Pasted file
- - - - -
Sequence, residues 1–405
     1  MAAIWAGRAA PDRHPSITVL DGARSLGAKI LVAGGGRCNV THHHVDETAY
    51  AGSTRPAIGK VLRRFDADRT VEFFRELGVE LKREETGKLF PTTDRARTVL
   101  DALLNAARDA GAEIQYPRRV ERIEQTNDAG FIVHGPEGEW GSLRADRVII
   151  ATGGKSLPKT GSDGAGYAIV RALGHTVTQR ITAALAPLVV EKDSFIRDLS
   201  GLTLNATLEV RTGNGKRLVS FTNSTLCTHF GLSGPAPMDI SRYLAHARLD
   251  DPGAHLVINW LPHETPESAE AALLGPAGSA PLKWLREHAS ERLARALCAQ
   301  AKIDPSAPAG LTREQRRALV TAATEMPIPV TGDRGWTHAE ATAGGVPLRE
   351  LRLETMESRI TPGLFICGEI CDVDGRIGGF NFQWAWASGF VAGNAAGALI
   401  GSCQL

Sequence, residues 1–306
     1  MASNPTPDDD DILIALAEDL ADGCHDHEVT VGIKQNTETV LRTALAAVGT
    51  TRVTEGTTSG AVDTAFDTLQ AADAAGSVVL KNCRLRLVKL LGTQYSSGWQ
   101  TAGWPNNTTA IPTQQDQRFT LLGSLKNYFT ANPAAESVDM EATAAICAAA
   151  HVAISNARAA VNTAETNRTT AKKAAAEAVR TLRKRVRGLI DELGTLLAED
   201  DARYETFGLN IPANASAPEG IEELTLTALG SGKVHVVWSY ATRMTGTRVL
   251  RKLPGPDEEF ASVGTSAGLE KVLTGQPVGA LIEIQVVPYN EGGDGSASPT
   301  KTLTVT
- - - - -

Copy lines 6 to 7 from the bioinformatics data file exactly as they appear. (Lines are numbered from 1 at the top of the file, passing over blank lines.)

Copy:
   201  GLTLNATLEV RTGNGKRLVS FTNSTLCTHF GLSGPAPMDI SRYLAHARLD
   251  DPGAHLVINW LPHETPESAE AALLGPAGSA PLKWLREHAS ERLARALCAQ